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    Life’s a dredge in New Haven

    New Haven is prepared to go to bat for Morris Cove residents fighting a battle against toxic waste.

    At a rally of nearly 100 people Saturday at Pardee Seawall in Morris Cove in New Haven, state and local legislators assured angry residents that everything possible was being done to prevent the harbor from becoming the storage site for dredged material from Bridgeport Harbor. Morris Cove is a residential area with public marinas and swimming areas.

    The dredging plan, issued by the Army Corps of Engineers earlier this year, involves depositing almost 200,000 cubic yards of material the Corps considers unsuitable for open water disposal in the New Haven harbor. According to Judi Sheiffele, executive director of the New Haven Port Authority, the dredged material will be transferred to an underwater pit in Morris Cove, allowed to settle, then covered with “suitable material” that is free of toxic contaminants. Residents protested by wearing “NO” stickers, holding posters by the road, and applauding statements including “They can’t do this do us” and “Toxic is toxic.”

    “This is about the whole city, not just Morris Cove,” said Mayor John DeStefano Jr., voicing his support for protestors at the rally.

    DeStefano said the city of New Haven is prepared to use legal action to prevent the Corps from depositing the toxic material in the Cove. Morris Cove is New Haven’s easternmost neighborhood and is a residential area with public marinas and swimming areas.

    Still, the Corps said it did not come up with this plan without due consideration of its impacts.

    “We evaluated several different alternatives,” said Mike Keegan, project manager for the Army Corps of Engineers. Morris Cove was targeted as a storage site because of engineering feasibility, environmental acceptance, and economic viability, explained Keegan.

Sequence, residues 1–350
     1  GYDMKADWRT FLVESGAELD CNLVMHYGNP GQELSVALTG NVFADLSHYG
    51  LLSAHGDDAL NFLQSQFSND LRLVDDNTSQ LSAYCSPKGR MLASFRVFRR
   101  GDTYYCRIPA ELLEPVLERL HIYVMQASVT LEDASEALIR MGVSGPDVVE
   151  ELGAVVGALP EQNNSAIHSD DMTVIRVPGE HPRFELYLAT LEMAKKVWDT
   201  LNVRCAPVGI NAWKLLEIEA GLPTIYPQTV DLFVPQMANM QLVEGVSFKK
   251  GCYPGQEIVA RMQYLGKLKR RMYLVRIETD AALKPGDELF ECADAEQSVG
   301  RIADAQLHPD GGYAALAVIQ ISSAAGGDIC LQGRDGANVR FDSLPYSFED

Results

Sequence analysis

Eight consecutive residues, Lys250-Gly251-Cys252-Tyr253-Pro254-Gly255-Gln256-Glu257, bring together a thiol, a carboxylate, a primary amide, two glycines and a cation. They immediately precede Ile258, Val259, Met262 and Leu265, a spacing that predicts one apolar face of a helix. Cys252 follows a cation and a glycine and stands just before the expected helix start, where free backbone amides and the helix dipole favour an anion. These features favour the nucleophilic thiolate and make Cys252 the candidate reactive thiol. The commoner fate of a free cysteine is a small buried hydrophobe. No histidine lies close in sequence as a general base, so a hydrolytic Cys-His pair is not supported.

But New Haven officials said the plan may negatively affect the cove.

    “Everybody understands the need to have Bridgeport dredged, the only opposition is to bring the material here,” said Sheiffele. “The problem down the road is that there will be a need to identify places to put this material to keep boats in our harbors.”

    Sheiffele added that it is in the interests of the New Haven port to preserve the space in the Morris Cove pit to store material from New Haven’s own dredging projects.

    But Morris Cove residents aren’t impressed with the plan. A dozen residents said they are anxious about the health and environmental effects of the Army Corps’ plan.

    “It might not affect us, but it will affect our children,” said Patrizia Rahner MD, who has lived in Morris Cove for five years.

    Officials from the Army Corps of Engineers have assured residents that the proposed plan is, in fact, safe.

    Army Corps research biologist Thomas Fredette said that “numerous technical reports” demonstrate low contaminant loss and rapid dilution, indicating the toxins from the dredged material are unlikely to have significant health or environmental impacts. Fredette added that ultimately, issues of water quality and will be under the purview of the Connecticut Department of Environmental Protection.

    Still, residents’ fears have yet to be mollified.

    “Toxic is toxic,” said Sean Nickerson, a three-year resident of Morris Cove that attended the rally.

    “It’s simple science; I don’t know why they can’t figure it out,” lamented rally attendee Michael Johnson, a 36-year Cove resident.

    Residents’ frustrations were echoed by city officials.

    “With the muscle of all of us, there is a vibrant regulatory process,” said DeStefano.

    In order for the Corps to transfer the toxic material to Morris Cove, a permit for water quality and a permit for compliance with the comprehensive coastal environment must be obtained from the state Department of Environmental Protection, Sheiffele added.

    Even if the Corps secured these permits, any party of people can intervene in an appeal process for environmental reasons, Sheiffele said.

    “This is an ill-conceived plan,” Al Paolillo, Ward 17 Alderman, said. “All the elected officials stand with the residents.”

    Residents have been signing petitions and vocalizing their dissent since Morris Cove was first targeted as a storage site.

    Gloria Bellacicco, who attended the rally, said she collected 40 signatures Saturday alone against the proposal.

    “There is no decision made on this yet, and that’s why we’re here today,” said Congresswoman Rosa DeLauro at the rally. “Just keep your voices loud and clear!”

    Bridgeport was last dredged in 1964. Since then, four to seven feet of silt and other materials have accumulated in the bottom of the harbor.

    By Mitchell Murdock, Contributing Reporter

    The Nation's Oldest College Daily
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